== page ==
brandibrownrocks
brandibrownrocks

 @brandibrownsucks  @brandibrownrocks  @purepony2k You obviously have way too much time on your hands. I frequent Scout Bar to support the bands that I work with....as well as my friends bands. Otherwise I'd prefer not to drive way 80 mi. round trip on a Sunday night.  The Last Place You Look are friends of mine. They are outstanding musicians and just good people. They have been busting their for asses and supporting the local scene here in Houston for years now and finally got opportunity to take it to the next level. They do everything themselves. Who cares if they ask people....their fans and supporters...to help. I think its awesome that we are in a time where we can use social media to help dedicated hard working musicians follow their dreams.  No one is forcing you or anyone else to donate a penny. 

brandibrownrocks
brandibrownrocks

 @purepony2k Ignorance is bliss isn't is purepony?  Or is it envy? Soooo negative and judgmental. That's sad coming from another local musician. By the way...what does 'TTOC' stand for so that I can make sure NOT to support your band in the future.    

CoryGarcia
CoryGarcia communitymanager

 @purepony2k I'll admit that I miss the point that you're trying to make here. What's the problem with offering goods and services in exchange for money to fund a tour?

purepony2k
purepony2k

 @CoryGarcia here's my point Cory,

 

These "goods" are nothing but over-priced cereal box prizes.  There's a certain "ethic" to being a "working musician" and that means sacrifice and a lot of it when it is called for and I don't just mean quitting your job.  Hotel expenses?  Find a camp ground for fuck sake.  Tour manager?  No reply.  There are plenty of other bullet points to comment on, but there is no point.  This is happening whether I like it or not.

CoryGarcia
CoryGarcia communitymanager

 @Logic For what it's worth I appreciate you taking the time to respond.

Logic
Logic like.author.displayName 1 Like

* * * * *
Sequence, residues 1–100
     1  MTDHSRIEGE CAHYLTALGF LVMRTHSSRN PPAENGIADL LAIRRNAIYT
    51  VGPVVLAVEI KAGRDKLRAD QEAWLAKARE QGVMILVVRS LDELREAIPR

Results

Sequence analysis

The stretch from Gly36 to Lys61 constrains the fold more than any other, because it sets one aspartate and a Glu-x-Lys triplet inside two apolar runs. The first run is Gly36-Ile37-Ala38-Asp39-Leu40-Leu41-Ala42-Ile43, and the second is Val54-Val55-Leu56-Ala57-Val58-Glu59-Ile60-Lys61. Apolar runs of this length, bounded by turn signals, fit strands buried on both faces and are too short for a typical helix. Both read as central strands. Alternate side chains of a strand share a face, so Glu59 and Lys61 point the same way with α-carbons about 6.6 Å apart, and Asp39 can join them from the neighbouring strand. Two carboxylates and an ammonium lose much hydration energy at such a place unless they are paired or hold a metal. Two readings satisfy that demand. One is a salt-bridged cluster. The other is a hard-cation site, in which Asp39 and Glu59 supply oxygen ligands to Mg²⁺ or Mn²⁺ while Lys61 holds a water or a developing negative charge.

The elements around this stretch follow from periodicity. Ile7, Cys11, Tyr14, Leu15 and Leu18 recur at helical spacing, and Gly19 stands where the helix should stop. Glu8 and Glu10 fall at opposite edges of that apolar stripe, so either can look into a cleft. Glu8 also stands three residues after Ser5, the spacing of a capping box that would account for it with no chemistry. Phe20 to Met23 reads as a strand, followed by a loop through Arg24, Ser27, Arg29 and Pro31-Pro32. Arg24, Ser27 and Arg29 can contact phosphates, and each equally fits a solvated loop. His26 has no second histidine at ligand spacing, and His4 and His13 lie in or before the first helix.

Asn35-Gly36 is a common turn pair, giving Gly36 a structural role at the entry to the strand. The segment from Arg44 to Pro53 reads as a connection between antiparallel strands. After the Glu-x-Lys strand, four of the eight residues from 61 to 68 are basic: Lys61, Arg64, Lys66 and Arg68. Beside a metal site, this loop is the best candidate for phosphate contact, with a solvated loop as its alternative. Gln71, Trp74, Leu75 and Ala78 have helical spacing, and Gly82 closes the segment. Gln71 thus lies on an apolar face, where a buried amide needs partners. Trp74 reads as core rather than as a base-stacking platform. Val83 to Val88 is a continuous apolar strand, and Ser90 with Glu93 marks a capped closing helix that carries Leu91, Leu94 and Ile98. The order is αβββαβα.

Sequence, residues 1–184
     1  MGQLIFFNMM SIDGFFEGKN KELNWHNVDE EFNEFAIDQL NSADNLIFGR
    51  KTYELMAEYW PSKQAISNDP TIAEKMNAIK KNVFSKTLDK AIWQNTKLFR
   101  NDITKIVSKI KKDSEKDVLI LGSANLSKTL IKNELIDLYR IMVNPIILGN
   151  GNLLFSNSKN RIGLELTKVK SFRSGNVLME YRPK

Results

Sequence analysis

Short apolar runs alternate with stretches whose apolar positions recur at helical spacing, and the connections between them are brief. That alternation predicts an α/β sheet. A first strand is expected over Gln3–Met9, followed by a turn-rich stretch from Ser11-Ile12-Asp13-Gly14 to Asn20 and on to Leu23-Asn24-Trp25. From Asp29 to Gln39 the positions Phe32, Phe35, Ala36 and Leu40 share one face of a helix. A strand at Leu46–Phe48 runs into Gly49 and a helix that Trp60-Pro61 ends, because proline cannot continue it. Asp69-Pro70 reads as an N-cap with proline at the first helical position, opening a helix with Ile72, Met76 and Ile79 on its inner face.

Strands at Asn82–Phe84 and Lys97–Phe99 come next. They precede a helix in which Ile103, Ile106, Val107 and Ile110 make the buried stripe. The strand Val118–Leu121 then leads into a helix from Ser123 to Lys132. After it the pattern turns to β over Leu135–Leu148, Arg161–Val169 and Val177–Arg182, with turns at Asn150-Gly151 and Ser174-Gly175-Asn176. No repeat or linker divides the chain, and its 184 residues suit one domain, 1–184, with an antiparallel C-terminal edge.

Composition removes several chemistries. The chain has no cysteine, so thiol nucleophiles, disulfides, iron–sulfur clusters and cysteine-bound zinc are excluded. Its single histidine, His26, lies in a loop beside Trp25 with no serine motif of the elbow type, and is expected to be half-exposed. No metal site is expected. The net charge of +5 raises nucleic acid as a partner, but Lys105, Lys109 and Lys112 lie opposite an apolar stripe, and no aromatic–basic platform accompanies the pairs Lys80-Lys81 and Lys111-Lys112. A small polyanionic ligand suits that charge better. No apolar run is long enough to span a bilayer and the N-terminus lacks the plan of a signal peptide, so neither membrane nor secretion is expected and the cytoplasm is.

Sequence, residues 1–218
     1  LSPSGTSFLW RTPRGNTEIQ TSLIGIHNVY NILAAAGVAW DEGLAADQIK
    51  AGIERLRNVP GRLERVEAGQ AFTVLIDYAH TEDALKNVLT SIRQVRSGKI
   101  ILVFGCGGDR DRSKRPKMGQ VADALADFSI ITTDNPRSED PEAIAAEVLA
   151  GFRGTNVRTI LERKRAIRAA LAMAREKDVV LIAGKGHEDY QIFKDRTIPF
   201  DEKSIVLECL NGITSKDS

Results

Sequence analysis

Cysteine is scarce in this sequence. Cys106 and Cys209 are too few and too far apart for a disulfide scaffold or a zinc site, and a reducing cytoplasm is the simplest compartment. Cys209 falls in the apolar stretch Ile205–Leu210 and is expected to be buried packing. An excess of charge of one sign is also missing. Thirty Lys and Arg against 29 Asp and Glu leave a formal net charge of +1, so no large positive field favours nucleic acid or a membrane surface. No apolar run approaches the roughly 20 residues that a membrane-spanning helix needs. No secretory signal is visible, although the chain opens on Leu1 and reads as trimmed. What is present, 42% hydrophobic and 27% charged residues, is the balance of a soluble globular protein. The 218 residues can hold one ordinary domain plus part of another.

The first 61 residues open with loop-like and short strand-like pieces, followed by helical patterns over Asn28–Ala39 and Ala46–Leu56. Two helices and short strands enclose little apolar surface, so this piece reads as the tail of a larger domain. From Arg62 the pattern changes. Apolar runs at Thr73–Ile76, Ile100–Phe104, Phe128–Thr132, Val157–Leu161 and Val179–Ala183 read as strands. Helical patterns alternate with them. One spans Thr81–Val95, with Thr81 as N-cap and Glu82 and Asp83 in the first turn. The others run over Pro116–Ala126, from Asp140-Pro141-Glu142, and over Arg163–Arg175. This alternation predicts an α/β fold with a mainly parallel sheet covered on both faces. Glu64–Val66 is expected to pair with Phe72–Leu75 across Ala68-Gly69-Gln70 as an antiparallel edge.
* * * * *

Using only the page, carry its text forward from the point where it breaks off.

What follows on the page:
@CoryGarcia  Sure, it is a way of utilizing infrastructure. Bands also utilize infrastructure by putting out unnecessary reissues to records that diehard fans will buy. But there's nothing wrong with it because there's people stupid enough to buy them right? I'm just saying there's a tasteful way to give to your fans if you feel so inclined....asking for money isn't exactly the most tasteful way of doing so. I'm also pretty bothered by the number game they're playing. I've been on the road maybe 3x as much as these guys, and the numbers they're displaying make touring practically impossible. Why support a tour (they're not talking about how much they're making at shows btw...) that isn't even potentially profitable haha? It just seems to me as a band with one foot in the door. This "profession" requires a lot of sacrifice. But it's a sacrifice musicians choose, they don't guilt trip fans into thinking it's a problem we can "share". 

CoryGarcia
CoryGarcia communitymanager

 @Logic But is it lazy or just another way of utilizing infrastructure? More accurate: are fans a commodity? 

CoryGarcia
CoryGarcia communitymanager

 @purepony2k So do you see something like Kickstarter as just a business shortcut or do you think that by being involved with one it cheapens the music? 

Logic
Logic

 @CoryGarcia The line is pretty simple. Touring is OPTIONAL. Getting sick....is not so optional. Gear theft is not optional (though if you're on the road you should have musicians insurance). You should not tour if you can't afford it. And that is nobody's fault but your own. It's "ok" to set up a Kickstarter. It's ok to be lazy. Plenty of people are broke, quit "good" jobs, so that they can tour and not ask anything from anyone outside of a) come to my show and b) buy my record. The idea is to go out on the road based on the infrastructure that you built. There are a lot of bands that go out on the road without this, and you know how they can do it? They shut up and play. 

purepony2k
purepony2k

 @CoryGarcia no snarkiness taken.  asking for money to help pay for hospital bills would be totally acceptable, as it is something completely unplanned and a situation worthy of charity.  the "ethic" I speak of entails busting your ass to the point of absurdity; selling your possessions, taking on a second job, a third job, living well beneath your means, sleeping on floors, sleeping in the van, not sleeping at all, missing meals, whatever it takes except asking your fans for more money then what you have to sell is worth.  that is "ethic".

CoryGarcia
CoryGarcia communitymanager

 @purepony2k I want to preface this by saying that I'm not trying to be snarky or combative. I'm asking because I'm genuinely curious about your point of view.My main question is this: If this is "ethically" wrong, how far does that "ethic" extend? Would there be situation where it wouldn't be wrong to ask fans for money? (For example: to pay for hospital bills.)

 

I'm curious as to where that line is in your opinion.